We will now mark sections of the deposit with the dumping instrument. We will mark an area that is at most six sections around the deposit. (This number is not set. We are just trying to make sure that there are enough markings left to show the border when we start erasing them. Any sections of the deposit, i.e. Sections with columns in them) won't need to be marked.
Because of the deposit's footprint, we might decide not to have any corners so we have marked the area as a rectangle. We might not mark the entire area for deposit that is more diagonal.
Here is a sideview of the columns. The shipyard would be to the left and forward for orientation.
These columns give us information about the useful material beneath the ground as well its depth. There are also columns with gray levels that represent dirt and rock. These will need to be dug up to expose the useful materials (. In this case, coal). We are interested both in the height of the ground below each column and the height and positions of the columns themselves.
First, you should note that the columns appear on every other section, not just each section. What about other sections? Each section (in the deposit) also has coal. This is particularly important when looking at the sections outside the deposit that are adjacent (. These include corners) sections containing columns. We don't yet know if they have any coal in them. We should a*sume they have coal in them, since our goal is to get ALL of it.
Let's start with some columns at the edge.
Each ring denotes the level of depth. These three columns each have four rings (- one brown, three gray. The brown symbolises coal (stuff we want)) while the gray represents dirt or rocks (stuff in our path).
A retaining walls can hold back 5 levels. We will need multiple terraces of walls to hold more material back. How many terraces would we need? One for every 5 depth levels or parts thereof. I count the rings to determine the number divisible by 5. (5, 10, 15, 20, and so on. Divide by 5
In this example, there are only 4 rings. We get 5. Divide by 5 to get 1. In this case, there is only one terrace of retaining Wall.
We will need to add 1 because we might find ore in the sections that are adjacent to the columns. This means we must reserve two sections to make our retaining walls.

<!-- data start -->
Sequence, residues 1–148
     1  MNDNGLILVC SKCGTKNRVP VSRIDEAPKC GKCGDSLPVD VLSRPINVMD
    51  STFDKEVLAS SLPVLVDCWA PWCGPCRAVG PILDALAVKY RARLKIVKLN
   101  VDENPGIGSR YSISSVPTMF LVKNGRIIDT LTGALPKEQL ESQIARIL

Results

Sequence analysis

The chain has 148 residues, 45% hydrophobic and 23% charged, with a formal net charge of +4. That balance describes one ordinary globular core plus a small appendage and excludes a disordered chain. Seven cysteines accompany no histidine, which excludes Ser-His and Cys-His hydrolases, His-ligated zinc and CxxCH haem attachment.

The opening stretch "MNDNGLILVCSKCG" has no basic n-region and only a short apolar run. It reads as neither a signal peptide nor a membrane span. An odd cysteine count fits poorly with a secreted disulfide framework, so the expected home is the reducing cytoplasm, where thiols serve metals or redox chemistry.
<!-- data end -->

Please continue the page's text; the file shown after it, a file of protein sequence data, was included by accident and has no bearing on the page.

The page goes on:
Now, we remove all sections that are less than three columns.
Let's look at the row just behind the row 3 (group 1 columns. The three columns directly in front of the short 3 are 11 rings high. (Count the sliver of an) dark ring at its bottom. These will be reviewed in a moment.
The column to their right is the height 10. It is crossing a topological arc, showing that the ground underneath it is moving from 2 to 3. It would be the same height at level 3 as at level 9, which is our ground' level.
The column just to your right is level 3's height 11. This corresponds to level 10 on our ground floor.
These two sections will need (2 each for height and) 1 for space for retaining walls.
The three columns to left of group 1, all at 10 feet, will require the same 3 sections.
Let's start by marking those sections. Don't forget to mark diagonals.
Let's get back to the group 1' columns. They are 11 ring high and require 3 sections for height (. One section for ever 5 or a part thereof). The third section is for adjacency. This means that we need to unmark 4 additional sections on the diagonal.
In some cases you may need columns that are further from the deposit edge. I've found that columns less than 10 rings in height are best ignored. This is because 10 terracing rings is 2 levels, but the column is just two sections away.
Now it is time to move on and unmark the items that are necessary for the remaining side of the mine.
Pay special attention to left corner if your goal is to follow along with the game. The column at the left corner is tall enough for the markings to change shape.
Now, to be more precise, I will mark the first ring in the retaining-wall wall with the mining tools.
Planning : When and how (Part II)
Let's take a look at a few other things.